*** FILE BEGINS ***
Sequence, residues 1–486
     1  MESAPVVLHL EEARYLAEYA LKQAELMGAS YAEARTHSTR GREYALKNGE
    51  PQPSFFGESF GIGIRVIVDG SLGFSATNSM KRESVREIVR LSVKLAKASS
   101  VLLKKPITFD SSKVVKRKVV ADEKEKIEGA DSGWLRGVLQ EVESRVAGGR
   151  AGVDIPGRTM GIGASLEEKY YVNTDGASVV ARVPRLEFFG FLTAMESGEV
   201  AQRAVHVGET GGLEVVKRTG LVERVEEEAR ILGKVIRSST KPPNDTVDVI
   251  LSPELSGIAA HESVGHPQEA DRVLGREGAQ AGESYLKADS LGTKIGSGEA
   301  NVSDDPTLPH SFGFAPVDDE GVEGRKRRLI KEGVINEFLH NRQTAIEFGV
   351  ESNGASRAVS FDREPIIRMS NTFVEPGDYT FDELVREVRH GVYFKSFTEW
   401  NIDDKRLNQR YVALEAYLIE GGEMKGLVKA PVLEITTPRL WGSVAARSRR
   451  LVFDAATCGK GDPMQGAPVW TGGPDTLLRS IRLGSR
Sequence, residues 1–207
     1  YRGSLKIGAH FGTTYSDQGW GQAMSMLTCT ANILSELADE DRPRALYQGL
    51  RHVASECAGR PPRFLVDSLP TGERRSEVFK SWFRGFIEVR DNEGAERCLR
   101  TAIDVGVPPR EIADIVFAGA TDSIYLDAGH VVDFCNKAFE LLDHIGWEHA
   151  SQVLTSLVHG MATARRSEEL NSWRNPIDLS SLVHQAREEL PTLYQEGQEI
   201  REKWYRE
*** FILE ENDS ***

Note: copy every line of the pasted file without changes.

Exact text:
Sequence, residues 1–486
     1  MESAPVVLHL EEARYLAEYA LKQAELMGAS YAEARTHSTR GREYALKNGE
    51  PQPSFFGESF GIGIRVIVDG SLGFSATNSM KRESVREIVR LSVKLAKASS
   101  VLLKKPITFD SSKVVKRKVV ADEKEKIEGA DSGWLRGVLQ EVESRVAGGR
   151  AGVDIPGRTM GIGASLEEKY YVNTDGASVV ARVPRLEFFG FLTAMESGEV
   201  AQRAVHVGET GGLEVVKRTG LVERVEEEAR ILGKVIRSST KPPNDTVDVI
   251  LSPELSGIAA HESVGHPQEA DRVLGREGAQ AGESYLKADS LGTKIGSGEA
   301  NVSDDPTLPH SFGFAPVDDE GVEGRKRRLI KEGVINEFLH NRQTAIEFGV
   351  ESNGASRAVS FDREPIIRMS NTFVEPGDYT FDELVREVRH GVYFKSFTEW
   401  NIDDKRLNQR YVALEAYLIE GGEMKGLVKA PVLEITTPRL WGSVAARSRR
   451  LVFDAATCGK GDPMQGAPVW TGGPDTLLRS IRLGSR
Sequence, residues 1–207
     1  YRGSLKIGAH FGTTYSDQGW GQAMSMLTCT ANILSELADE DRPRALYQGL
    51  RHVASECAGR PPRFLVDSLP TGERRSEVFK SWFRGFIEVR DNEGAERCLR
   101  TAIDVGVPPR EIADIVFAGA TDSIYLDAGH VVDFCNKAFE LLDHIGWEHA
   151  SQVLTSLVHG MATARRSEEL NSWRNPIDLS SLVHQAREEL PTLYQEGQEI
   201  REKWYRE